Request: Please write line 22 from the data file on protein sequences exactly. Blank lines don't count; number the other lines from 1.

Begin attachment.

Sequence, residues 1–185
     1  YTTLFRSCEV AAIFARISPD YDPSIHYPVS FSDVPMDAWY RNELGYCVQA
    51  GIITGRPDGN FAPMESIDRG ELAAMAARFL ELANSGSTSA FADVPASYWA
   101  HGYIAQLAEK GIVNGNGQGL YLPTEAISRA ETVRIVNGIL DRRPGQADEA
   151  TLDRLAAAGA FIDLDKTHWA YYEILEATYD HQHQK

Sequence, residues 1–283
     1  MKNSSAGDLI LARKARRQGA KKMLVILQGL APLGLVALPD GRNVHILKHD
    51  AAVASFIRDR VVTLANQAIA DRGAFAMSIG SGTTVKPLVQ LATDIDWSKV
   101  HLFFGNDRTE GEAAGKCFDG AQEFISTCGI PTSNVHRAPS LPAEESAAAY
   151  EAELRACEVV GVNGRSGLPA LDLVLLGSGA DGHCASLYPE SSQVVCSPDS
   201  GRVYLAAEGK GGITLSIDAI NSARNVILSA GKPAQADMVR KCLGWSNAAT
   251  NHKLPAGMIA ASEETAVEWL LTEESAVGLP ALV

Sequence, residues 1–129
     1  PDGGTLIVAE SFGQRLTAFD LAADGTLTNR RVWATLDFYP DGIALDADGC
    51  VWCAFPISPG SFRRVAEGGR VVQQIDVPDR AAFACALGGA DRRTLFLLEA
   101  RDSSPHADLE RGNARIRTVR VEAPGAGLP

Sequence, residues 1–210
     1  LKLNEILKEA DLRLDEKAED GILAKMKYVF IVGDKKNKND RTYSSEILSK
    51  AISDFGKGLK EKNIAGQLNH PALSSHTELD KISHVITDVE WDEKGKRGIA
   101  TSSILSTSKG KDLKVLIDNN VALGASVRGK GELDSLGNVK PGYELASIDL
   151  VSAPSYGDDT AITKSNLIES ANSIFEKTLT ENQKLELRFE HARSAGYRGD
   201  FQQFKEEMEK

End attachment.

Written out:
   201  FQQFKEEMEK